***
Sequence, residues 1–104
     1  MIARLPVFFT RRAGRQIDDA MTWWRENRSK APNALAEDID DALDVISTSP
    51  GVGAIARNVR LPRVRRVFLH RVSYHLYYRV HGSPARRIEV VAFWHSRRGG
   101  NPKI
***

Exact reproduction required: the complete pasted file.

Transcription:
Sequence, residues 1–104
     1  MIARLPVFFT RRAGRQIDDA MTWWRENRSK APNALAEDID DALDVISTSP
    51  GVGAIARNVR LPRVRRVFLH RVSYHLYYRV HGSPARRIEV VAFWHSRRGG
   101  NPKI